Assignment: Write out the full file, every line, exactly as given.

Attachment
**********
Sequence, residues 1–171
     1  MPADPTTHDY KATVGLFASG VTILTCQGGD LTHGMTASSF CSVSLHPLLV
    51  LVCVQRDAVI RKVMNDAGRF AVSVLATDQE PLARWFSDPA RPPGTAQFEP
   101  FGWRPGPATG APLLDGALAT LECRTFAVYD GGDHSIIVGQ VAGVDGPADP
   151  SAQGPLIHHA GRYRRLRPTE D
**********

Sequence, residues 1–171
     1  MPADPTTHDY KATVGLFASG VTILTCQGGD LTHGMTASSF CSVSLHPLLV
    51  LVCVQRDAVI RKVMNDAGRF AVSVLATDQE PLARWFSDPA RPPGTAQFEP
   101  FGWRPGPATG APLLDGALAT LECRTFAVYD GGDHSIIVGQ VAGVDGPADP
   151  SAQGPLIHHA GRYRRLRPTE D